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Antitrust
University of San Diego School of Law
Mogin, Daniel Jay

Monopoly[1]

Market Power: Ability to dictate price & Quantity in a relevant market.

§ 2: Need (1) Monopoly power, (2) monopoly conduct (anti-comp), (3) no legitimate business justification(s).

American Can (1921) Ds got large enough to start trying to buy up & close all their competitors with non-competition clauses (would threaten them “you can’t get tin…”, etc). Got huge machinery makers to sell only to them. Often ended up buying the patents for the machinery too. All this drove the prices up, and D tried to keep them up. But people were entering the market, etc.

CT: Technical violation but we don’t want to dissolve b/c its in the public interest

Prices roughly the same.
Can sizes standardized. Some margin btwn cost of tin/cans.
Wages up.
Customer svc/delivery good.
Now have a lab for studying why things go bad in cans.

D hasn’t recently done anything improper (only possible justification is anti-competitive) to retain market power.

ALCOA: ALCOA contracts w/ power companies not to sell to other people for purposes of extracting Alumina. Owns patents on extraction technique. Ges covenants with foreign Alumina Mfgs not to export to US, or to do so under restrictions. During relvant periods, produced btwn 80-90% of virgin ingot

CT: Violation of §2 Sherman. Remand so dist ct can consider whether to dissolve.

Market Share: 33% not monopoly, 64% uncertain, 90%+ monopoly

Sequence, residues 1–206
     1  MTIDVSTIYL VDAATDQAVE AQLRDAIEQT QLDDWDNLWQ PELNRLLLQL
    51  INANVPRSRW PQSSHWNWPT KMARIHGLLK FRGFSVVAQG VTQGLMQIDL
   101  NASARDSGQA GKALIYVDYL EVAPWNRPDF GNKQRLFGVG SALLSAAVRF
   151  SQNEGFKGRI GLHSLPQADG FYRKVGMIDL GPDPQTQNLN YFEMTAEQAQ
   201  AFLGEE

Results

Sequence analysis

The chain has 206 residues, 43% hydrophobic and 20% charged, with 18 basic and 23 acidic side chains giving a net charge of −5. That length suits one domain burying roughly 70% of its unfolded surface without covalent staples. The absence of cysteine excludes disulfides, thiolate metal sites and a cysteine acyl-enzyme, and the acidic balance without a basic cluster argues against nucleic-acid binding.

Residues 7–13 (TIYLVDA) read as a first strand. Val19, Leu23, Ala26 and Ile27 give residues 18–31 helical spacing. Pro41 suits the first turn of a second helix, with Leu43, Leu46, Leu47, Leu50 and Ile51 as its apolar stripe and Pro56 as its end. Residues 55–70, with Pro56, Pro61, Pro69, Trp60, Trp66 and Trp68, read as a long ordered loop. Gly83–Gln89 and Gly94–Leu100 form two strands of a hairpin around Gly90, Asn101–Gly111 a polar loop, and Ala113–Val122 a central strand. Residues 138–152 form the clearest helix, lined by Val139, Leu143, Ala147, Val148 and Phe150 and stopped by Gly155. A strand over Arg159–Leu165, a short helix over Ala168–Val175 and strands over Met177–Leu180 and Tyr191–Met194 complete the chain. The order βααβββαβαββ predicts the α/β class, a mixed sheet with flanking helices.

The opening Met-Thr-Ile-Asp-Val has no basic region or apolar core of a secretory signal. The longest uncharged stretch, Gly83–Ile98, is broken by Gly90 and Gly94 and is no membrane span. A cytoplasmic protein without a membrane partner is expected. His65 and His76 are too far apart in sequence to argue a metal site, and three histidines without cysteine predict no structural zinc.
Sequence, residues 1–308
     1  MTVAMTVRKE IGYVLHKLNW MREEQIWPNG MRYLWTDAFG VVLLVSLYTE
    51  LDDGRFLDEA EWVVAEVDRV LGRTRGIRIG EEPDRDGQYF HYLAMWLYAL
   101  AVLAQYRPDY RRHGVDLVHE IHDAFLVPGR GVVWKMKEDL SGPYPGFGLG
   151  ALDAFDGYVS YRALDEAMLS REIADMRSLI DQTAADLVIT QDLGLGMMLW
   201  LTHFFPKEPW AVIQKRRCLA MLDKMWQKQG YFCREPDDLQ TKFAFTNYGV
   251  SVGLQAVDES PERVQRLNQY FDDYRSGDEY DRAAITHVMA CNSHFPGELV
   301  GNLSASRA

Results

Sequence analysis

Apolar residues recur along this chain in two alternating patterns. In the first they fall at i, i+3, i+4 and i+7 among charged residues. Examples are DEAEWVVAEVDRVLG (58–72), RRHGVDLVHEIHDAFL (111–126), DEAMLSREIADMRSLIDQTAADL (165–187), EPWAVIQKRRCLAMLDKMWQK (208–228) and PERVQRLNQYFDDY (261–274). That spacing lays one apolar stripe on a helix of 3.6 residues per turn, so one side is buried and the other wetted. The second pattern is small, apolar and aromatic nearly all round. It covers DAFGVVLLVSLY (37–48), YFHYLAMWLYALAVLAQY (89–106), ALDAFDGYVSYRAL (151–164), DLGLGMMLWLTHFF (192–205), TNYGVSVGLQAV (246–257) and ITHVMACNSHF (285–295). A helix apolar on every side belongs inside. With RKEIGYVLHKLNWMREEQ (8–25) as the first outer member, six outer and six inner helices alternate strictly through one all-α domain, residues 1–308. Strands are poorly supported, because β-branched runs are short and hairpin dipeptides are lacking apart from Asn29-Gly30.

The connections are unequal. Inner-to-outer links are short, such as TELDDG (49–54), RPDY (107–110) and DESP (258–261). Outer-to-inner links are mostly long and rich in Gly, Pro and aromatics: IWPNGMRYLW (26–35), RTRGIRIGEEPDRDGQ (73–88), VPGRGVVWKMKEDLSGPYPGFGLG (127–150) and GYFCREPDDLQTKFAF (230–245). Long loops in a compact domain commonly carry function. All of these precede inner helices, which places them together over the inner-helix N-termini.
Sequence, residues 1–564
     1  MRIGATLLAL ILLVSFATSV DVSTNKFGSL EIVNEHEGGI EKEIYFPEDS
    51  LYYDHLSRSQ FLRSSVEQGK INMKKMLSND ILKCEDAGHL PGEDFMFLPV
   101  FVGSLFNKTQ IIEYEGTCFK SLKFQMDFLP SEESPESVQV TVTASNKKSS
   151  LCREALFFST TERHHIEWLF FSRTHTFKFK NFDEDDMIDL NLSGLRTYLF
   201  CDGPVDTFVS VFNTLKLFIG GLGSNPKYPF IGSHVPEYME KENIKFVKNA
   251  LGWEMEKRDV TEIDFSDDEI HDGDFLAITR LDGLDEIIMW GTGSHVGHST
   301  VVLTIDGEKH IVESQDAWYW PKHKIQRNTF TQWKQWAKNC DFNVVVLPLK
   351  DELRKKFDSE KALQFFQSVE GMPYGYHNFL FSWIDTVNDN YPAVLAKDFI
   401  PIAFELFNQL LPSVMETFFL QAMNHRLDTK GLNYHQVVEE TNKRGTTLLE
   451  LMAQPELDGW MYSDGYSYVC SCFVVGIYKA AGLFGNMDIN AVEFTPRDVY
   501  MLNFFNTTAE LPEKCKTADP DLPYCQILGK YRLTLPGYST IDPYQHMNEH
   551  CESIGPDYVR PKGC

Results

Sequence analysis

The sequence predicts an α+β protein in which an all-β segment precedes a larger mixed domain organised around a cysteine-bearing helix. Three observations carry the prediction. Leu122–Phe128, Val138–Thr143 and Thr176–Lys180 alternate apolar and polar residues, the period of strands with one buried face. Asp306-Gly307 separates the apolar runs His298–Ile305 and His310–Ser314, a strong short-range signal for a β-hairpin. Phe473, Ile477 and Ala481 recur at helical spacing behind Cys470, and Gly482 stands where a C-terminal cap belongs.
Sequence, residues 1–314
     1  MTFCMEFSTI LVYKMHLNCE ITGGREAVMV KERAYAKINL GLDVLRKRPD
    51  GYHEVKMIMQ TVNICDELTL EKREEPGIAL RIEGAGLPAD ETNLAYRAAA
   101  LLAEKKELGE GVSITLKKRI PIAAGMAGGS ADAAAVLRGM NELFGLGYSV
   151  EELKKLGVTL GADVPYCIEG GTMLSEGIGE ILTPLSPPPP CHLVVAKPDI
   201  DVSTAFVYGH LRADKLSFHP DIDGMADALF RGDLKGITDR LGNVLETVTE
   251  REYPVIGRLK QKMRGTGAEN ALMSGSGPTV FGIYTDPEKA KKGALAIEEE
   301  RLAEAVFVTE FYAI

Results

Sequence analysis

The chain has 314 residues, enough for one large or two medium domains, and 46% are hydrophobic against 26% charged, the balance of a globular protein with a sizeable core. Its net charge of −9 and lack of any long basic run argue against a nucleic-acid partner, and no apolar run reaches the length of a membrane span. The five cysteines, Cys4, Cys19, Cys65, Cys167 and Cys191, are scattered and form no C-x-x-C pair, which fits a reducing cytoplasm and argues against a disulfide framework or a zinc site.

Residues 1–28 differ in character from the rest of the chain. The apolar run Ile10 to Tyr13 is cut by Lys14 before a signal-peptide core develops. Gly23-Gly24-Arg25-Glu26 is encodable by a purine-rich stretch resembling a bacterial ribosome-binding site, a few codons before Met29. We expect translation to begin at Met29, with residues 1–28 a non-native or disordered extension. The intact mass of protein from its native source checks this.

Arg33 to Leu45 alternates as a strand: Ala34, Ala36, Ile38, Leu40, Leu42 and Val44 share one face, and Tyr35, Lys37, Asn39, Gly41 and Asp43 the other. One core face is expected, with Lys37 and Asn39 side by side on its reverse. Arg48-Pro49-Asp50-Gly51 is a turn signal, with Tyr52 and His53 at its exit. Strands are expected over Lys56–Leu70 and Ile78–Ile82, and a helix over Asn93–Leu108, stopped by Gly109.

Market Power: ability to dictate price & quantity in the market

Rel Mkt:

Don’t count secondary ingots made from remanufactured finished goods that were made from ALCOA ingots. Although it competes on substantially equal terms w/ virgin ingot for most purposes, it ultimately comes from ALCOA (& it always knew this).
Include ingot ALCOA fabricates for itself b/c it would otherwise be buying it on the market.
Don’t include foreign ingot b/c, due to tariffs & quotas, it can’t really compete in the same way.

Policy: View of Sherman Act as protecting small businesses & preventing great aggregations of wealth in a few people.

Inefficient production/distribution of goods & services: monopoly pricing steals consumer surplus & then spends most of it just trying to keep the monopoly.
Social cost of lost resources of competitors as they exist market, etc.

Book: One way to calculate market power is (P-MC)/P. Higher it is, more market power. Courts don’t do this b/c you can’t realistically calculated MC.

Note: Modern view tends to include secondary products.

So…inverse relationship between elasticity of demand/supply & market power: if supply is highly elastic, firms will enter upon price increase. If demand is, customers will leave mkt.

Merger Guidelines – Defining relevant market

FTC: Take a hypothetical monopolist what will happen in response to a small non-transitory price increase (say…5%). See what other products consumers would switch to (or what other geographic areas they’d be willing to go to) in response. Keep doing that until a hypothetical monopolist would find it unprofitable to increase prices. Include each product in the relevant market.
( Assumes no price discrim)

Geographic market is roughly the same, except it assumes that unaffected buyers won’t purchase product and resell to affected ones at a price lower than monopolist charges.